Gordon Campbell | Parliament TV | Parliament Today | News Video | Crime | Employers | Housing | Immigration | Legal | Local Govt. | Maori | Welfare | Unions | Youth | Search

 

TPP - Breakthrough or is there more to worry about?

What is it about trade agreements and TPP (now called CPTPP)? Why is final agreement often not final agreement and why do they risk unravelling?

In the case of TPP we have been here before. Agreement was reached under Obama. The Agreement was signed. New Zealand and some others ratified this Agreement. But Obama did not think he had the votes to ratify in the US so it was passed over to the next administration. The first act of the new Trump Administration was to withdraw from TPP as it was a “terrible deal”. The US wasn’t going to do plurilateral or multilateral deals anymore. Bilateralism was the future.

The remaining 11 TPP members did not react as Trump expected. Instead of coming to Washington and begging for bilateral deals they found a way to agree TPP without the United States. Again we thought we were there and that “agreement was going to be reached at the APEC Meeting in Vietnam in November. “Agreement” was reached for a few minutes but then Canada backed off.

Last week officials met in Japan and “agreement” was reached again. The 11 members are due to sign the revised Comprehensive and Progressive Agreement on the Trans Pacific Partnership on March 8 in Chile. The Agreement is pretty much the same as that which was on the table in Vietnam. Aside from the name change the number of suspended elements on the original TPP has risen from 20 to 22. And there is now some language added to meet Canadian language concerns about French language film and TV. The market access commitments so important for New Zealand exporters were all preserved. Surely it was time to celebrate? It seemed that it was.

But the announcement of the TPP breakthrough coincided with the latest round of negotiations between the US, Canada and Mexico on the North American Free Trade Agreement (NAFTA) upgrade. It also coincided with the annual meeting of the world’s financial elite at Davos. President Trump was attending Davos. Many interpreted the CPTPP agreement as a slap in face for Trump and his America First world vision.

Surprise, surprise, President Trump appears to have reacted. He now says that he is willing to look at joining the new TPP if it can be improved further to suit US interests.

This was met with caution from Japanese and New Zealand leaders who rightly see this as a potential delaying tactic by Trump. But Australia has reacted more positively. Don’t forget Australia already has FTAs with the US and Japan. It also has a strange view of its relationship with the US (it sees itself as the Deputy Sheriff in this part of the world). Australia often subsumed economic interest to what it perceives to be political interest.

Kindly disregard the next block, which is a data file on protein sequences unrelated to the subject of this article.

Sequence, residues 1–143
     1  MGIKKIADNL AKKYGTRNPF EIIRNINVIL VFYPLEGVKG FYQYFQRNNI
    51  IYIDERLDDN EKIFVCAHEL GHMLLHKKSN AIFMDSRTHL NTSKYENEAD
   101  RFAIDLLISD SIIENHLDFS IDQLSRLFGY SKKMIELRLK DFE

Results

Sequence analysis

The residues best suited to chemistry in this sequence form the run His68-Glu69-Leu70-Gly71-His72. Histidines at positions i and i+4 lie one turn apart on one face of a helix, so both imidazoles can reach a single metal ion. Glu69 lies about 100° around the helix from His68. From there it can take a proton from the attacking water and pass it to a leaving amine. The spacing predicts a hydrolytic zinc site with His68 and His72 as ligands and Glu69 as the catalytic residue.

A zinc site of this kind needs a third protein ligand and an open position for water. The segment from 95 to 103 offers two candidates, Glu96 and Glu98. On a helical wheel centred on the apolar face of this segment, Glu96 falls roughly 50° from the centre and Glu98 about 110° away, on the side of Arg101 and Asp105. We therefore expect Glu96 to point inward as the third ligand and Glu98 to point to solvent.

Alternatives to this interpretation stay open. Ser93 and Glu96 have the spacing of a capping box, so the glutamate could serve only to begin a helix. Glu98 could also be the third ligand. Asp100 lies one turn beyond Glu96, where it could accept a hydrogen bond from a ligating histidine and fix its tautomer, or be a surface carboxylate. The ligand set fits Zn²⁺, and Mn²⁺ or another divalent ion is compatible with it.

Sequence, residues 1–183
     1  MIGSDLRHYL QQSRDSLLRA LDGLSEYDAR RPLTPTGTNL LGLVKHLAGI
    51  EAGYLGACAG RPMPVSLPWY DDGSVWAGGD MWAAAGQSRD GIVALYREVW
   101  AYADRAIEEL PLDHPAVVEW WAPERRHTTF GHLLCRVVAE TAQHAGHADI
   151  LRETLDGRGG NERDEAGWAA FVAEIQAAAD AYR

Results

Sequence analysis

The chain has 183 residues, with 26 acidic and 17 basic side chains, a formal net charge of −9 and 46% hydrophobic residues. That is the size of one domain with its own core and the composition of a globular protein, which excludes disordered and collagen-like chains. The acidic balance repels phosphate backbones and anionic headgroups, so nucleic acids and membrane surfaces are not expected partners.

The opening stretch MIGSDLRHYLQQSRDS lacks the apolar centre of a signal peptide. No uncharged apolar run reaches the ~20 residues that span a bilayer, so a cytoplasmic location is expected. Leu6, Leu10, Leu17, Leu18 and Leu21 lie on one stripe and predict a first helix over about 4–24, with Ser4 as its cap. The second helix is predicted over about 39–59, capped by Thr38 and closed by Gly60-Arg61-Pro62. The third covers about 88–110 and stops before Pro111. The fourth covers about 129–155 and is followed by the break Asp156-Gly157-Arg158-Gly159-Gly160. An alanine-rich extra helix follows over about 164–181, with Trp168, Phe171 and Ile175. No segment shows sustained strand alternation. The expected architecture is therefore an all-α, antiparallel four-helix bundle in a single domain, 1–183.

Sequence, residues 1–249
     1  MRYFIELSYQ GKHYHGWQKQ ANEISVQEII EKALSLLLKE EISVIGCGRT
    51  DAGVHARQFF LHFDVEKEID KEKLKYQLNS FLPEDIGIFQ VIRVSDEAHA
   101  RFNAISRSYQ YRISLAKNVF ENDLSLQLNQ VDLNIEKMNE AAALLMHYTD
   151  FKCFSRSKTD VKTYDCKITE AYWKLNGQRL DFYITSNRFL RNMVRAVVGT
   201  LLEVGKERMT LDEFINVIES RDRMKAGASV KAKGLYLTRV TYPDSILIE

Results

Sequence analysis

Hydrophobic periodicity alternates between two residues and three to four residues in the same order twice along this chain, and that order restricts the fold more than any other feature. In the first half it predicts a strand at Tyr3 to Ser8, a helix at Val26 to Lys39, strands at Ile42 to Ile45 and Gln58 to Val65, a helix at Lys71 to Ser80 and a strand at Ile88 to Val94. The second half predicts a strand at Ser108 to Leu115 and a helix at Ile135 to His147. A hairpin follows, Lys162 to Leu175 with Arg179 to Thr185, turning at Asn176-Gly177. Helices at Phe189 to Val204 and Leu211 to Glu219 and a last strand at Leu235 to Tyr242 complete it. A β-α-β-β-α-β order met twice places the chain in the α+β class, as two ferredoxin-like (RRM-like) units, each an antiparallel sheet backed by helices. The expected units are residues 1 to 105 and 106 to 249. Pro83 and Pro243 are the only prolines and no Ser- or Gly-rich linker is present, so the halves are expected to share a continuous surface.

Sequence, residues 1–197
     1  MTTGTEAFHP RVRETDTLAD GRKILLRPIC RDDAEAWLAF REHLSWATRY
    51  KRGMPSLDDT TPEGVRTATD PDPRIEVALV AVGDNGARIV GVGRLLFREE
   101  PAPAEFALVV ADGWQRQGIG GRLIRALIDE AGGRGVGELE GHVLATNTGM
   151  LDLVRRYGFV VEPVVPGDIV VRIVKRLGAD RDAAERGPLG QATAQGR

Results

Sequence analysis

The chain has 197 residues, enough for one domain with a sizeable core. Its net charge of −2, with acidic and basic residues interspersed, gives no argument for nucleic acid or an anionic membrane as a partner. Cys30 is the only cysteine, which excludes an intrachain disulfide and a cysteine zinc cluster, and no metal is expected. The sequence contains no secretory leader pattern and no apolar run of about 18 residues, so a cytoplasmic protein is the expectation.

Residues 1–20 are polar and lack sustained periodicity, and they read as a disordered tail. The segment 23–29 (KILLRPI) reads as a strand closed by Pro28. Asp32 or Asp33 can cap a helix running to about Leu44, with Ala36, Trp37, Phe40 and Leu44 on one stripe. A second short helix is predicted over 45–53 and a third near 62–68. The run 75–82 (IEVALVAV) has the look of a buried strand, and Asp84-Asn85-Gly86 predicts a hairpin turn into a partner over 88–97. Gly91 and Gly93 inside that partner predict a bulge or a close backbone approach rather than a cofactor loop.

It is clearly in New Zealand interests to push for CPTPP to be signed and ratified without delay. This ensures that the agreement gets up and running quickly and we begin to claw back some of the advantage gained by Australia in the Japanese market. It also puts the CPTPP members in a stronger position when negotiating with Trump and his team. This position gets even strong if others join the CPTPP ahead of the US. This is only going to happen if CPTPP enters into force.

Trump and his team understand this dynamic. We should expect further attempts to spoil CPTPP from Washington. It is going to be interesting to watch. MFAT is arranging a series of Hui to discuss CPTPP. The first is in Wellington on 8 February, more details here. We encourage members to look out for these events and attend.

The new Labour led Government is handling challenges in the trade policy field well and Minister David Parker is doing and excellent job. It is encouraging to see New Zealand First changing position and supporting the revised CPTPP. The Green Party unfortunately remains opposed.

EU FTA

The EU was meant to have a mandate and to have begun negotiations with New Zealand (and Australia) in November. It is now the end of January. This is not as straightforward a process as first thought. The delays seem to be related to internal EU difficulties as opposed to being a reaction to anything said or done by New Zealand, Australia or the UK.